Growing up, I lived between the folds of two worlds – one of emerging materialism in the mid-1960s and the other, a residue of homegrown ingenuity left over from the early 20th century. Residing in this precarious place, I experienced a tenuous pull between commercialism and homemade, a tautness over store-bought and a mother's creativity.
Back then, I was reared conservatively. Strictly structured within my mother's practical sensibilities, I and my five siblings were walking billboards for Mom's handiwork.
Having Mom as my seamstress caused a good deal of consternation. You see, I so very much wanted to shop downtown, free to select anything off the rack at the local J.C. Penny or Sears Roebucks. Whenever I daydreamed of choosing from the latest outfits, I felt liberated.
Succumbing to this craving, I'd occasionally slip away to the neighborhood Jamesway – a 1967 version of Wal-Mart. There, I darted directly to the young ladies department, where I'd embark on a magic carpet ride through racks of factory made clothing. Modeling the latest fashions, I'd walk the "runway" in front of the three-way mirror. And afterward, I'd shuffle home, sighing deeply and feeling satisfied, yet empty handed.
Even in the wake of my gravitational pull toward retail, my family's tight economy caused me to shop at the fabric outlet store, which was tucked away from the glitz and glitter of Main Street.
Once inside, I could choose from anyone of a hundred or more bolts of material – madras, seersucker, dotted Swiss, velour, cotton twill, percale, corduroy, denim or, my favorite, polyester.
Strolling the aisles while inhaling the aroma of freshly milled fibers, I was keenly aware that this was a different world – a place where one's imagination was required.
Carefully scanning the emporium of prints and sewing patterns, I would embark on a shopping spree that required vision and patience – a creative process that demanded both stamina and faith.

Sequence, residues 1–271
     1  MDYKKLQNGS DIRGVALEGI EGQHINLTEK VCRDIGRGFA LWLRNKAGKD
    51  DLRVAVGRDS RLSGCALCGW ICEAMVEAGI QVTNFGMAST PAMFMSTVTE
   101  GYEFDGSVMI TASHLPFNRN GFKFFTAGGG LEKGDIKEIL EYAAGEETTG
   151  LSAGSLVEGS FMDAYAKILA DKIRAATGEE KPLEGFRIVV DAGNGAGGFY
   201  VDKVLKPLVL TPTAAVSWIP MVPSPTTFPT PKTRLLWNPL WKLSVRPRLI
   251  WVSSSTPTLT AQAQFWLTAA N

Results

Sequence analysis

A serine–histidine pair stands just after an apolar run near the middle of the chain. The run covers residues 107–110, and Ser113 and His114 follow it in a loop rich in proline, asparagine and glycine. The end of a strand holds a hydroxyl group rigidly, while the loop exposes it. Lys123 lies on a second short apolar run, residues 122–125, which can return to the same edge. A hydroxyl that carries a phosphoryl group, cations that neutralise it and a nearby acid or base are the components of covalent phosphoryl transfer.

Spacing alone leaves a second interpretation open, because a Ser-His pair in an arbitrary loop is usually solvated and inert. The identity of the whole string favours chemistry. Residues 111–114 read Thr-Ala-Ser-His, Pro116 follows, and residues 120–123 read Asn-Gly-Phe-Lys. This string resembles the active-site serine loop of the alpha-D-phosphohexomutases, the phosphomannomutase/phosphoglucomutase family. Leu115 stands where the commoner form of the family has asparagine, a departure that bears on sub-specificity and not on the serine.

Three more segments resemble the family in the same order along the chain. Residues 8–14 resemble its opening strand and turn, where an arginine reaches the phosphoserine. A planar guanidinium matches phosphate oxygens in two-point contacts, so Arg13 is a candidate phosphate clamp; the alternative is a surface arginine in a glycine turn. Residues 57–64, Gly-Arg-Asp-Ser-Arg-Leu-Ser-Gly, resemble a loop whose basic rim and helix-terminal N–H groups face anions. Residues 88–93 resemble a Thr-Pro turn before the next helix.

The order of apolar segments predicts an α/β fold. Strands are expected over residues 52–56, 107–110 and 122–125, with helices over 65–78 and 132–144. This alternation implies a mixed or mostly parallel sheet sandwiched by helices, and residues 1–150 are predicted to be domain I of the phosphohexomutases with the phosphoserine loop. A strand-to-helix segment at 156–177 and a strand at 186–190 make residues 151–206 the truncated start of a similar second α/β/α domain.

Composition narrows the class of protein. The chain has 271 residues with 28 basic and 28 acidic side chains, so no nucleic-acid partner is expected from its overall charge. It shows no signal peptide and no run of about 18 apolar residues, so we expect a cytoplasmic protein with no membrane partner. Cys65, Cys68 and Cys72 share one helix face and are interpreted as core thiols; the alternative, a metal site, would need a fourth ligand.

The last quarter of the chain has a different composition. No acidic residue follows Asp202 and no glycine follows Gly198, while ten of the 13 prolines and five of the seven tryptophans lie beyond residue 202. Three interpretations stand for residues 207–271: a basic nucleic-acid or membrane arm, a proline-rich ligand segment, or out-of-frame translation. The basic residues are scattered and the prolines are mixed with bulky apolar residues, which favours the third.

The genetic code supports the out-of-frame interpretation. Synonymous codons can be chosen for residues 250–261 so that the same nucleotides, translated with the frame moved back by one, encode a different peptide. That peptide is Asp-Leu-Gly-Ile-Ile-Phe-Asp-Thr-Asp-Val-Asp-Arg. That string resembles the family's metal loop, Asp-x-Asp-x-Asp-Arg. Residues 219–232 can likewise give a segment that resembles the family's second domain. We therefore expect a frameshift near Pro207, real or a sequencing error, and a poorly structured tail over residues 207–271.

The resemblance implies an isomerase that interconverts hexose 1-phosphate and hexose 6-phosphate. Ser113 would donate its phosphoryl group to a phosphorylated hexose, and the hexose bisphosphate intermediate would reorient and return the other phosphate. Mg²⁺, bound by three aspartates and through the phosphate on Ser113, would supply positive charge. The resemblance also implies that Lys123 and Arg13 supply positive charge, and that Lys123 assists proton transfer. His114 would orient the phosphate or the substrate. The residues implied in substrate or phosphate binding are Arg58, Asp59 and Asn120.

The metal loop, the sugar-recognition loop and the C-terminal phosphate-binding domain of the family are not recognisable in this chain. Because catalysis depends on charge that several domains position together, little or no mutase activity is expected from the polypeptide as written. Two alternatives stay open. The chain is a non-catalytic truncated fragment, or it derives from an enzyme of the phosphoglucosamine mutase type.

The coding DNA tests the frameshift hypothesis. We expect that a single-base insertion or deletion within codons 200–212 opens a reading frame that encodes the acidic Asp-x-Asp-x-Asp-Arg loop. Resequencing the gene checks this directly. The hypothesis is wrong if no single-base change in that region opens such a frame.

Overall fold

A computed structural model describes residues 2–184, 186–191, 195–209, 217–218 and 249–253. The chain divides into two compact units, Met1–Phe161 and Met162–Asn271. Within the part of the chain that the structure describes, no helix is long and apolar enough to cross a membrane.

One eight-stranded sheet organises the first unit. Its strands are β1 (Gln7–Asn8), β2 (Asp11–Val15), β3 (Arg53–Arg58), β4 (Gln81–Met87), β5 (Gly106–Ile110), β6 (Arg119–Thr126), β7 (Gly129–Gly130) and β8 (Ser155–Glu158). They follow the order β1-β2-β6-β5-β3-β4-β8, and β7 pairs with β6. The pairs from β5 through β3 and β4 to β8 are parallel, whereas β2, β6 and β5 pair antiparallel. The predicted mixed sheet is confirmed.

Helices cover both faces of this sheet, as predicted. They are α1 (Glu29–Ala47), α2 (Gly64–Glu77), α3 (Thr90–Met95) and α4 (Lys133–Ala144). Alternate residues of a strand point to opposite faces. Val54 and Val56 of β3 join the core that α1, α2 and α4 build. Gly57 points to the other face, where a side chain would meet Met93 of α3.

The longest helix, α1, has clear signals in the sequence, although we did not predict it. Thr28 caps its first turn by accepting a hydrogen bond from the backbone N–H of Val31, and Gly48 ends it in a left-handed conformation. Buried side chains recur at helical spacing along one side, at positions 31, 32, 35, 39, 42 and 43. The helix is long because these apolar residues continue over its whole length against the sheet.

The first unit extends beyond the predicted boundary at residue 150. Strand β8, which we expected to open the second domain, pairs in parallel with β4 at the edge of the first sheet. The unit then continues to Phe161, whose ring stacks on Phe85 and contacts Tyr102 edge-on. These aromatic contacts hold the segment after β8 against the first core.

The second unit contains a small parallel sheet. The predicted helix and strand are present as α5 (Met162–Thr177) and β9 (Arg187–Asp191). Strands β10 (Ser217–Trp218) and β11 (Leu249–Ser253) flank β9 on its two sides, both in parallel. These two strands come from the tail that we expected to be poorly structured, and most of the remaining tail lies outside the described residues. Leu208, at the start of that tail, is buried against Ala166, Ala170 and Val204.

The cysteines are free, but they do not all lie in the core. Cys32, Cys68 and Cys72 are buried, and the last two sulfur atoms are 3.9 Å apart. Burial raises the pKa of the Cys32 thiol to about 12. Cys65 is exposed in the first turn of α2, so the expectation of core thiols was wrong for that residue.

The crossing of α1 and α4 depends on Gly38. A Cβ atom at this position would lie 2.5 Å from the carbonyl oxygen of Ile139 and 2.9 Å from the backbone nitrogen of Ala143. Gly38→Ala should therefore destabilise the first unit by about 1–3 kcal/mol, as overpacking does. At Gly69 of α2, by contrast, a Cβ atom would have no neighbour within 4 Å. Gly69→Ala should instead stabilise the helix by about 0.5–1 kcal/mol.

The math used in fabric stores is figured in yards and multiplied by width; the language, articulated by a different lexicon with words like nap, fray and grain.
Mom's mood seemed altered, as well. There were only two things in life that miraculously turned her from a cranky mother of six into a goddess – cooking and sewing.
As I narrowed my choices to polka dot, plaid and flowered for several smock dresses Mom would sew in the days ahead, I couldn't help imagining my peers as they shopped with their mothers. Certainly right about now, they were strutting through fashion shops like models, purchasing the latest styles right off the rack, tags and all.
No thumbing through pattern books for those girls, nor waiting for fabric to be spread over a cleared kitchen table. No quietly hanging around while mothers smoothed and then calculatingly straight-pinned patterns parallel to the grain.
No pensive pacing while new outfits took shape, as scissors carefully cut them out. No doodling or dawdling while their moms matched fronts to backs, inside out and then stitched with a Singer or a Brother, leaving a half-inch seam all the way around.
Yes, I jealously pictured my pampered friends living a carefree existence where instant gratification was commonplace.
As I left the outlet lugging a single bulky bag of McCall's patterns, fabric with matching spools of thread, buttons and zippers, I pictured them flanked with shopping bags – three in each hand – giddy over their brand new ready-to-wear apparel.
2011 © Copyright Paula Damon.
A resident of Southeast South Dakota, Paula Bosco Damon is a national award-winning columnist. Her writing has won first-place in competitions of the National Federation of Press Women, South Dakota Press Women and Iowa Press Women. In the 2009, 2010 and 2011 South Dakota Press Women Communications Contests, her columns have earned eight first-place awards. To contact Paula, email boscodamon.paula@gmail, follow her blog at email@example.com and find her on FaceBook.